Despite some of the best snow depths in decades, it was another stop-start season in Australia's snowfields. As the ski season comes to a close, resorts are hoping summer will bring some salvation.
At Mount Buller in Victoria, the season started with Melbourne in lockdown, but regional Victorians able to visit for the June 12 opening. Then the gates opened to Melburnians on June 25 for the all-important school holiday period. The snow fell in abundance in July, but the gates shut again, leaving some of the mountain's residents and business owners with the skifields to themselves, albeit without lifts.
Mount Buller reopened at the end of July, but that lasted barely a week before another lockdown. Regional Victorians were in the box seat on August 10 when the resort bounced back from its sixth lockdown, with dining, hospitality, retail, the snow sports school and lift operations all cranked up again.
"We feel for our friends in Melbourne doing the hard yards in lockdown but can reassure everyone our team will work hard to keep the ski area humming along safely and we hope to see all of Victoria back for a slide on snow as soon as possible," Buller Ski Lifts general manager Laurie Blampied said at the time.
That didn't last, with regional Victoria joining Melburnians in lockdown on August 21. Mount Buller and the other Victorian resorts reopened to some of the regions on September 10, with all visitors required to present a negative COVID-19 test, and even though skiers and snowboarders from Melbourne, the core market, didn't make it back to the mountain, they managed to keep their lifts running. Mount Buller's lifts will stop turning on Sunday, as will the lifts at Falls Creek and Mount Hotham.
In NSW, the lifts stopped turning on August 14 with that state's regional lockdown forcing the snow resorts and related businesses to stand down staff in their thousands. They opened again to people from the local area and certain approved NSW local government areas on September 20, but for Thredbo, that only lasted a week - its lifts closed last Sunday, September 27. Perisher was scheduled to close on Monday (a NSW public holiday) but a snap lockdown put an end to the season on Thursday.
"While winter 2021 didn't end exactly how we had hoped, during the time we were open, guests who were lucky enough to visit enjoyed incredible conditions with the highest snow depth measured at Spencer's Creek in July in 21 years," Thredbo general manager Stuart Diver said.
With a focus on mountain biking, walking, wellness tourism and events, the mountain resorts have their sights on the summer season and the potential prizes there.
Thredbo typically opens its mountain biking park and trails in late November and has the added attraction of a chairlift that runs virtually year-round to provide access for the walking trail to Mount Kosciuszko, a four to six-hour return walk from the top of the lift.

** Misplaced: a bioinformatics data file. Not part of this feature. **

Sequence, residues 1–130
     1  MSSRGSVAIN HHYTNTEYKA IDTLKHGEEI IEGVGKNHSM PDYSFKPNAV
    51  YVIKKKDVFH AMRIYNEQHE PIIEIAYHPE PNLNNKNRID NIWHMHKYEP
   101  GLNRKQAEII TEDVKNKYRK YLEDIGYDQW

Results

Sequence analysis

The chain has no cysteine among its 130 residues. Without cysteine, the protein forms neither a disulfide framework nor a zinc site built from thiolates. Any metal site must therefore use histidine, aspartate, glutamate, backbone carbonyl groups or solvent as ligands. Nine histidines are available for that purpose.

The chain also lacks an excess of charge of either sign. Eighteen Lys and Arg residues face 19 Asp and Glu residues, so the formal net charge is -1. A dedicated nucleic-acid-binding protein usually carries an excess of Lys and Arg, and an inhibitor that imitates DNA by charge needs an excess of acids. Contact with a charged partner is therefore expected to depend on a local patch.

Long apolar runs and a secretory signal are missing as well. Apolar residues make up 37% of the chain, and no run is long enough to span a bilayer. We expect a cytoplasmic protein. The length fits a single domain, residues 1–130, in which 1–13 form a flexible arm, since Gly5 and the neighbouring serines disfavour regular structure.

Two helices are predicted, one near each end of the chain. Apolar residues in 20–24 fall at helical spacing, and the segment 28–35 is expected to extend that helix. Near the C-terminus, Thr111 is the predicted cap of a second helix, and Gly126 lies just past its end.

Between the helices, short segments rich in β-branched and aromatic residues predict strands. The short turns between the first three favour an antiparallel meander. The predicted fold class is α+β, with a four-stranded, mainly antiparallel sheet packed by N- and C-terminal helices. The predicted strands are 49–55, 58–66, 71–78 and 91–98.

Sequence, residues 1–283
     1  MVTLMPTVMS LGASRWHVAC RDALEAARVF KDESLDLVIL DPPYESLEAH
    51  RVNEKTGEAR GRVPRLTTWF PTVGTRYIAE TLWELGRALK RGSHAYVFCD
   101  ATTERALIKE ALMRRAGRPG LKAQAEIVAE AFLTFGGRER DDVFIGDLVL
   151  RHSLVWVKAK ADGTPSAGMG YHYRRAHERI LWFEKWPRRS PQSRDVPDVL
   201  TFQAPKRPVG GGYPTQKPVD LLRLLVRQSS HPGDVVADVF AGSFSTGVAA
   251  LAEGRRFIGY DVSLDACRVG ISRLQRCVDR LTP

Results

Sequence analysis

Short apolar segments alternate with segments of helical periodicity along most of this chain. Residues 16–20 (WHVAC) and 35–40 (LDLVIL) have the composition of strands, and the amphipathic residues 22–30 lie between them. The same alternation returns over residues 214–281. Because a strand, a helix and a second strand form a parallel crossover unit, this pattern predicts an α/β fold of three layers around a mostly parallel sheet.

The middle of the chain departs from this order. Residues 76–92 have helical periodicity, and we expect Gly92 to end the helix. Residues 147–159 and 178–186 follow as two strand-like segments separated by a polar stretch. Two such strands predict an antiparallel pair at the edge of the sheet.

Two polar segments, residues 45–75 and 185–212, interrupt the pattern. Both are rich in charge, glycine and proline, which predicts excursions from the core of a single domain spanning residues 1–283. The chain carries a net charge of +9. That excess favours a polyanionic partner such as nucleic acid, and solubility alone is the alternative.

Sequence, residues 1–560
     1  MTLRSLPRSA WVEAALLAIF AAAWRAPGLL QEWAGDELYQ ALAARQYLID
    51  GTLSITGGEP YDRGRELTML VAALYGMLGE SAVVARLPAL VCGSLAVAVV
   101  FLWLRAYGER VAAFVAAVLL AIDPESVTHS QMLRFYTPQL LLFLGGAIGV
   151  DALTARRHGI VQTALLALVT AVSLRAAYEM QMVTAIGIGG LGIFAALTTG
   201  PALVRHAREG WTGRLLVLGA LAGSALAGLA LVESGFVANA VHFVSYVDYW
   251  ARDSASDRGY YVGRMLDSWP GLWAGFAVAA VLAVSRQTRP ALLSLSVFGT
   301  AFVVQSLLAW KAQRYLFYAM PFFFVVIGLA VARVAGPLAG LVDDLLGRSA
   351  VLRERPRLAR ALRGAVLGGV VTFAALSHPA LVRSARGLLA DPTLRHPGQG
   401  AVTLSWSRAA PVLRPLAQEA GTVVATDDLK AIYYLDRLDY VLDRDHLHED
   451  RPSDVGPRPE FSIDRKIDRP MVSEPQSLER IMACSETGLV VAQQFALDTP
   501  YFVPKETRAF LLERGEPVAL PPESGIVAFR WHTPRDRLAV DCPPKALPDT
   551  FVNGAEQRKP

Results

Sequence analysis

The bike trail network at Mount Buller and neighbouring Mount Stirling is primed for a major makeover for the coming summer with $1.25 million from the Victorian government's Regional Tourism Investment Fund to be used to revitalise the trails. The master plan for the two resorts aims at attracting more than 50,000 additional guests to visit, stay and explore the alpine areas in summer.
"It's also part of driving recovery after a difficult couple of years," Resort Management Board chief executive Mark Bennetts said. "The upgrades will restore trails to their original quality, add new features, and provide a more balanced mix of green, blue and black trails which can be enjoyed by riders of all levels. This is great news for our keen expert riders, while encouraging newer riders to get started on simpler tracks before progressing to something more adventurous."
The board's David McCoombe is co-ordinating the work and says it is "about getting our trails back on the radar for riders and enticing them to rediscover riding up here. It's great to be investing in the network of XC and gravity trails again with a world-class team who have a track record of creating amazing riding experiences. People are going to love what we're about to create."
The 100-kilometre trail network that criss-crosses Mount Buller and Mount Stirling put the resorts on the mountain biking map a decade ago with a mix of cross-country and gravity riding, including the 46-kilometre Australian Alpine Epic Trail.
Evan Winton and Ryan De La Rue from Contour Works will resurface and tailor the 15 tracks across the extensive XC network with a focus on improving the ride experience. They have 30 years of experience designing and building trails at Mount Buller and Falls Creek and were integral in the development of the renowned Blue Derby network in Tasmania.
All works will start as soon as conditions permit, with many of the upgraded trails expected to be ready to ride in December. Works will be done progressively, ensuring plenty of options for riders through the summer season.
A total of $2 million has been provided for the mountains, the balance allocated to developing new walking and mountain biking trail experiences at both Mount Buller and Mount Stirling.